At the Movies
This campaign setting is a bit different from most in that it does not revolve around a location or a time or even a mood. It can, in fact, change from film to film. The campaign could go from action to comedy to drama to horror and back again. It is the world of the movies. Some GURPS 3rd material can be found near the end.
All of the characters in this campaign are from movies, usually primarily roles. The PCs are characters, not actors. Indiana Jones cannot fly the Millennium Falcon, and Johnny Dangerously wouldn't know a batarang if it hit him in the head. Some restrictions may be imposed by the Director (GM). Sample restrictions might include:
No 'Toons - Roger Rabbit at others cartoonish types. This does not necessarily prohibit CGI characters such as Gollum, but may if the Director wishes. Live action cartoons (Grinch, The Mask) are also gray areas to be decided.
No Animals - Babe, Gus, Lassie, Shadowfax etc.
No Giant Monsters - Godzilla might seem like a fun character, but he never solves a mystery.
No Machinery - Data, Bishop, Hal
Film styles - Action characters, Gangsters, Comedy duos, Played by Harrison Ford.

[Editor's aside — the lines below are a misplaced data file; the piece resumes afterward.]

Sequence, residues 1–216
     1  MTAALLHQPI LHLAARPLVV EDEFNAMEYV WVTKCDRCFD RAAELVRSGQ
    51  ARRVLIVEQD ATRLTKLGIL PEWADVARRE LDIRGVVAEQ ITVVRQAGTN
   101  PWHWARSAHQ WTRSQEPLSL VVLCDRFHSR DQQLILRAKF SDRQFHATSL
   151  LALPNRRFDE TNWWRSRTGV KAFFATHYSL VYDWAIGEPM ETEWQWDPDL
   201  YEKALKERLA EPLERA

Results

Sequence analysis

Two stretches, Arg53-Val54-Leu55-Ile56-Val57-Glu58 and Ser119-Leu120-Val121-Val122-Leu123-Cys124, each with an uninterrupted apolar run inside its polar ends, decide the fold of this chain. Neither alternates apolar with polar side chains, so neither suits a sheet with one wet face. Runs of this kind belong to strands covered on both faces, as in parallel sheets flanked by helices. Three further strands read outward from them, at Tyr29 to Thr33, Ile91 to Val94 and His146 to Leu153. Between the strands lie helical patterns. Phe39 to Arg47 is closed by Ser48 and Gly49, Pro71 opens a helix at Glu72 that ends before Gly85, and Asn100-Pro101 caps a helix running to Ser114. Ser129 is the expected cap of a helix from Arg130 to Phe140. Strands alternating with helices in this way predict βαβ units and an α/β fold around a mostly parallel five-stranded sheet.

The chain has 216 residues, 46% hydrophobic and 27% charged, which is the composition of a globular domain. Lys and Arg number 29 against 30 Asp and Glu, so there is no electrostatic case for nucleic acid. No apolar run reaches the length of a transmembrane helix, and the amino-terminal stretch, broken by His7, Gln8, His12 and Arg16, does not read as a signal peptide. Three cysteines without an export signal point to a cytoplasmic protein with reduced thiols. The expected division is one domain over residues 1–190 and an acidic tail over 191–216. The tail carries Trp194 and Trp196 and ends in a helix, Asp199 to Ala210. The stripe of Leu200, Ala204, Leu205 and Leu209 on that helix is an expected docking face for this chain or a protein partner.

Source - Theatrical releases only, Theater and Video, TV only, etc.
The Director will decide what fits the plot.
Once the restrictions are decided, at least in the director's head, the casting can begin. Players suggest whom they'd like to play, and the director approves or disapproves. While character approval usually comes after creation, doing it before ensures the director knows the character and can debate the end product. The players then create their character as close to the movie as possible using their allotted points. I've used 300 quite often, but character choices will reflect available points. The Director then determines if the PC accurately reflects the character. The PCs should also downplay appearance frequency of Allies, Dependents, and Enemies. The Director will decide what fits the plot.
What Characters Know
The PCs in this campaign think they are normal folk, but they do not find it unusual that they wake up in western attire when they were a space freighter pilot the day before. They accept it as a part of life. Pirates and Vice Cops work together because when they woke up, they knew they were working together. PCs also know what the other PCs are capable of as if they had known each other for a long time.